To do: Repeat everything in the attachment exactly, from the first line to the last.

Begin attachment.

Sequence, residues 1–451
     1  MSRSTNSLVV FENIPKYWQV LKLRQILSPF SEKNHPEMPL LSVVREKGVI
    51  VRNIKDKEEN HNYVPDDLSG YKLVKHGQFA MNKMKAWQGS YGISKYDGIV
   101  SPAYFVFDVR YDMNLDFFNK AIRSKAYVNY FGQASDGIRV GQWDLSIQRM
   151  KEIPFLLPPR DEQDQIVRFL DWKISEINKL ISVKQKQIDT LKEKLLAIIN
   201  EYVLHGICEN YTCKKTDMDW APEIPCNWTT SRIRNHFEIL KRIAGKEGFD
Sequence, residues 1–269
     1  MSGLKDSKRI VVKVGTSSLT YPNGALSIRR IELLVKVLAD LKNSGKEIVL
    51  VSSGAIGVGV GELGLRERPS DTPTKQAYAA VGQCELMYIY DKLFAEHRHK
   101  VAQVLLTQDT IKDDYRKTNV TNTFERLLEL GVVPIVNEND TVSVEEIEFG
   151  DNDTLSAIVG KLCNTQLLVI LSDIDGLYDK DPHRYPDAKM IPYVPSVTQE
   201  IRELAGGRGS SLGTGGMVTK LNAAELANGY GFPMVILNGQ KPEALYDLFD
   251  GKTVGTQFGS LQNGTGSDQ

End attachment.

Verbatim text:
Sequence, residues 1–451
     1  MSRSTNSLVV FENIPKYWQV LKLRQILSPF SEKNHPEMPL LSVVREKGVI
    51  VRNIKDKEEN HNYVPDDLSG YKLVKHGQFA MNKMKAWQGS YGISKYDGIV
   101  SPAYFVFDVR YDMNLDFFNK AIRSKAYVNY FGQASDGIRV GQWDLSIQRM
   151  KEIPFLLPPR DEQDQIVRFL DWKISEINKL ISVKQKQIDT LKEKLLAIIN
   201  EYVLHGICEN YTCKKTDMDW APEIPCNWTT SRIRNHFEIL KRIAGKEGFD
Sequence, residues 1–269
     1  MSGLKDSKRI VVKVGTSSLT YPNGALSIRR IELLVKVLAD LKNSGKEIVL
    51  VSSGAIGVGV GELGLRERPS DTPTKQAYAA VGQCELMYIY DKLFAEHRHK
   101  VAQVLLTQDT IKDDYRKTNV TNTFERLLEL GVVPIVNEND TVSVEEIEFG
   151  DNDTLSAIVG KLCNTQLLVI LSDIDGLYDK DPHRYPDAKM IPYVPSVTQE
   201  IRELAGGRGS SLGTGGMVTK LNAAELANGY GFPMVILNGQ KPEALYDLFD
   251  GKTVGTQFGS LQNGTGSDQ